CLARKSBURG, W.Va. – After mainly dry and sunny conditions across north-central West Virginia Wednesday and Thursday, with the exception of a few showers – more rain is on the way for our weekend.
It all comes from a system to our south and west.
The showers and storms in Arkansas, Louisiana, Texas, and Oklahoma will be weakening before it reaches the Mountain State bringing rain Friday afternoon and evening, and then again for the weekend.
The first round comes Friday afternoon and evening with increasing clouds and light rain showers for the lowlands.
Colder air into the higher elevations will provide some sleet, freezing rain, and wet snow above 3,000 feet in elevation as the system pushes north and east. This will continue into Friday evening.
Round two comes Saturday morning with steady rain showers and warmer air for the foothills and mountains. Rain is also possible in the lowlands along and south of Route 50.
Luckily, this will dry up as Saturday progresses. However, there is more on the way.
Steady rain and downpours are possible starting late Saturday night into Sunday morning.
The heaviest rain will be before lunchtime on Sunday. Things will be slowing down as the system weakens Sunday afternoon and evening.
That’s when colder air pushes into the region and changes some of the rain in the mountains into a wintry mix of sleet and wet snow Monday morning as of now. The system should be out of north-central West Virginia by lunchtime Monday.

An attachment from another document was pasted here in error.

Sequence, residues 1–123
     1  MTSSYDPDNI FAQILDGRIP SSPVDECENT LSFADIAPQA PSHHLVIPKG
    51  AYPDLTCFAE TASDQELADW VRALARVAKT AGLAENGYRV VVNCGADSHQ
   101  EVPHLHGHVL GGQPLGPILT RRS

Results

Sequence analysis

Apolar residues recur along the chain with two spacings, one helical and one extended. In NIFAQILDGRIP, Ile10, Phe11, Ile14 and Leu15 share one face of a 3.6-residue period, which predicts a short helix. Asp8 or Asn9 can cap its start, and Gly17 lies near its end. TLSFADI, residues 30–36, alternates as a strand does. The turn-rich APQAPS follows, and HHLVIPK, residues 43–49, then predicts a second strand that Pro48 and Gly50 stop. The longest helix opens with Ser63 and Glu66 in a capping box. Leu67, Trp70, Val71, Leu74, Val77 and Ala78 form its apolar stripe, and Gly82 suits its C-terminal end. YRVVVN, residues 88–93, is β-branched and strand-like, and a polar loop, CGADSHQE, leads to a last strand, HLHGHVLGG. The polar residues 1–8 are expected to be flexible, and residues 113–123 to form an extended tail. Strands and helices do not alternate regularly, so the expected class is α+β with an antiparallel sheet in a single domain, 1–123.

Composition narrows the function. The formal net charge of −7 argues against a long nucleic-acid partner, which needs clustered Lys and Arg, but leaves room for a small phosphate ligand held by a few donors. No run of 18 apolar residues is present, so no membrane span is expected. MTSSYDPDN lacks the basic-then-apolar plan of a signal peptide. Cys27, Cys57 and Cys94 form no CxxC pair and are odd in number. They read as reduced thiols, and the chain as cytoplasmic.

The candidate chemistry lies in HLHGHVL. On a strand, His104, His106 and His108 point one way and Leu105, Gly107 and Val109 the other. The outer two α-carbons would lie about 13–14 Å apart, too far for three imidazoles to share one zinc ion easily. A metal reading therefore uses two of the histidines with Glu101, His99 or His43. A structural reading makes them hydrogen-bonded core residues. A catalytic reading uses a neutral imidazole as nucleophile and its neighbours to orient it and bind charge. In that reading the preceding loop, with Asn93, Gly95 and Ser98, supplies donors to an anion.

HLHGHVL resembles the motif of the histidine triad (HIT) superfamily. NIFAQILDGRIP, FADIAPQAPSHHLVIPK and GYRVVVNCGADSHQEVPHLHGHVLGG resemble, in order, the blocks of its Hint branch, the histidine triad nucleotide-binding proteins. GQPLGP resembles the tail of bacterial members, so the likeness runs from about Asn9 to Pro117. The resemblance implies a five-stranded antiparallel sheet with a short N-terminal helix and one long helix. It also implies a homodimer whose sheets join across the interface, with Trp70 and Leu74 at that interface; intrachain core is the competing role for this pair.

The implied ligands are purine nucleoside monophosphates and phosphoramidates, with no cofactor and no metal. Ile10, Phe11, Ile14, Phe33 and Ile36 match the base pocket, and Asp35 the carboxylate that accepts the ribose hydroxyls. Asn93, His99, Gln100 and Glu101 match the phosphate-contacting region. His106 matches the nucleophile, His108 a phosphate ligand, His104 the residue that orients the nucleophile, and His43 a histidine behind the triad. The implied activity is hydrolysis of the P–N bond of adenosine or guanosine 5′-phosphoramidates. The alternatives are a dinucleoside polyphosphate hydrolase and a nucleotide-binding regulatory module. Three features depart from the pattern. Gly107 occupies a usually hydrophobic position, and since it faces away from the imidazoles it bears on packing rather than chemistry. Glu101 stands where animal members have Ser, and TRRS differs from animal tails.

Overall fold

These rounds of rain will bring a decent amount of rain to north-central West Virginia.
Through Sunday night, anywhere from 1-2 inches of rain is expected in north-central West Virginia with higher amounts expected south of Route 33 into Braxton, Webster, Pocahontas, and southern Randolph counties.
The abundance of rain will also bring a flood threat to the mountains and foothills, especially in Webster, Randolph, Tucker, Barbour, Upshur, Pocahontas, and Preston counties.
Why the flood threat? Because of the combination of the rain, warm temperatures, and abundant snowpack – especially into the high peaks.
This will slowly tick water levels in our rivers and tributaries upward, and could cause potential concerns over the next few days. Some spots, especially along the Cheat, Blackwater, and Middle Fork Rivers could see minor to moderate flooding over the next ten days.
The StormTracker 12 weather team will be monitoring the river levels and flood chances as the days progress.